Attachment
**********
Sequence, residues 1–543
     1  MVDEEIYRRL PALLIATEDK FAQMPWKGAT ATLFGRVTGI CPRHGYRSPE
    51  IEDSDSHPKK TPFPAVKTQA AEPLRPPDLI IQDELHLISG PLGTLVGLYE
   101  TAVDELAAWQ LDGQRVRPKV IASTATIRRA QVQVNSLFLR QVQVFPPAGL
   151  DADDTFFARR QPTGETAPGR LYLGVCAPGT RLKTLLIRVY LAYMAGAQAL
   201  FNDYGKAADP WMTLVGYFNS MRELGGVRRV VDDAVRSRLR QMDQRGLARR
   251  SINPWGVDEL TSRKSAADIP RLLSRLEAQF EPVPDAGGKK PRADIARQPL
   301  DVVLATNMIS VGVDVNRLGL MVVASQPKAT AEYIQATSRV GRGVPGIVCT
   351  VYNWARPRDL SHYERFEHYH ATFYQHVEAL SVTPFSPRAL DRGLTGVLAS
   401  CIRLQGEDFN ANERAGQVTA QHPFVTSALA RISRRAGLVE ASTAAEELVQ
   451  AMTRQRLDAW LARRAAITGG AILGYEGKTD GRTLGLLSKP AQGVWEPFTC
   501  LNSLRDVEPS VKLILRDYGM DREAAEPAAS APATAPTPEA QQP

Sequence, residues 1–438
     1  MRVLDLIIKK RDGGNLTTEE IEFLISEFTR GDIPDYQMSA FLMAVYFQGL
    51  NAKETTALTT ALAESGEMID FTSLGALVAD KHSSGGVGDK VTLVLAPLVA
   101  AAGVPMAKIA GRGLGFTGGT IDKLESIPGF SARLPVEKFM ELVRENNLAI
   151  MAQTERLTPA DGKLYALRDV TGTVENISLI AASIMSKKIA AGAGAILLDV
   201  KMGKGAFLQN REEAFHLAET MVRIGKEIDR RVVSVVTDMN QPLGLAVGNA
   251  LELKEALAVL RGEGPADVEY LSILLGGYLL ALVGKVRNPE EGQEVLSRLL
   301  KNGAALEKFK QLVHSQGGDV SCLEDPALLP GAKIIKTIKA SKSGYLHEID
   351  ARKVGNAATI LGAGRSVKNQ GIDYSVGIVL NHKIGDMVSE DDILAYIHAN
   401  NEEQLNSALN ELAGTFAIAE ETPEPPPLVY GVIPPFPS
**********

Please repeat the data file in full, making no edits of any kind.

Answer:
Sequence, residues 1–543
     1  MVDEEIYRRL PALLIATEDK FAQMPWKGAT ATLFGRVTGI CPRHGYRSPE
    51  IEDSDSHPKK TPFPAVKTQA AEPLRPPDLI IQDELHLISG PLGTLVGLYE
   101  TAVDELAAWQ LDGQRVRPKV IASTATIRRA QVQVNSLFLR QVQVFPPAGL
   151  DADDTFFARR QPTGETAPGR LYLGVCAPGT RLKTLLIRVY LAYMAGAQAL
   201  FNDYGKAADP WMTLVGYFNS MRELGGVRRV VDDAVRSRLR QMDQRGLARR
   251  SINPWGVDEL TSRKSAADIP RLLSRLEAQF EPVPDAGGKK PRADIARQPL
   301  DVVLATNMIS VGVDVNRLGL MVVASQPKAT AEYIQATSRV GRGVPGIVCT
   351  VYNWARPRDL SHYERFEHYH ATFYQHVEAL SVTPFSPRAL DRGLTGVLAS
   401  CIRLQGEDFN ANERAGQVTA QHPFVTSALA RISRRAGLVE ASTAAEELVQ
   451  AMTRQRLDAW LARRAAITGG AILGYEGKTD GRTLGLLSKP AQGVWEPFTC
   501  LNSLRDVEPS VKLILRDYGM DREAAEPAAS APATAPTPEA QQP

Sequence, residues 1–438
     1  MRVLDLIIKK RDGGNLTTEE IEFLISEFTR GDIPDYQMSA FLMAVYFQGL
    51  NAKETTALTT ALAESGEMID FTSLGALVAD KHSSGGVGDK VTLVLAPLVA
   101  AAGVPMAKIA GRGLGFTGGT IDKLESIPGF SARLPVEKFM ELVRENNLAI
   151  MAQTERLTPA DGKLYALRDV TGTVENISLI AASIMSKKIA AGAGAILLDV
   201  KMGKGAFLQN REEAFHLAET MVRIGKEIDR RVVSVVTDMN QPLGLAVGNA
   251  LELKEALAVL RGEGPADVEY LSILLGGYLL ALVGKVRNPE EGQEVLSRLL
   301  KNGAALEKFK QLVHSQGGDV SCLEDPALLP GAKIIKTIKA SKSGYLHEID
   351  ARKVGNAATI LGAGRSVKNQ GIDYSVGIVL NHKIGDMVSE DDILAYIHAN
   401  NEEQLNSALN ELAGTFAIAE ETPEPPPLVY GVIPPFPS